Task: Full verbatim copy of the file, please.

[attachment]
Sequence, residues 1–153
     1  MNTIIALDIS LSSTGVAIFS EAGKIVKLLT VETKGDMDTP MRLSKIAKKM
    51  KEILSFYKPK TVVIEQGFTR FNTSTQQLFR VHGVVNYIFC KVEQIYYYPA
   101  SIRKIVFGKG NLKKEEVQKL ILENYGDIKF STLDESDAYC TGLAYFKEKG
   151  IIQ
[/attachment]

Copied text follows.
Sequence, residues 1–153
     1  MNTIIALDIS LSSTGVAIFS EAGKIVKLLT VETKGDMDTP MRLSKIAKKM
    51  KEILSFYKPK TVVIEQGFTR FNTSTQQLFR VHGVVNYIFC KVEQIYYYPA
   101  SIRKIVFGKG NLKKEEVQKL ILENYGDIKF STLDESDAYC TGLAYFKEKG
   151  IIQ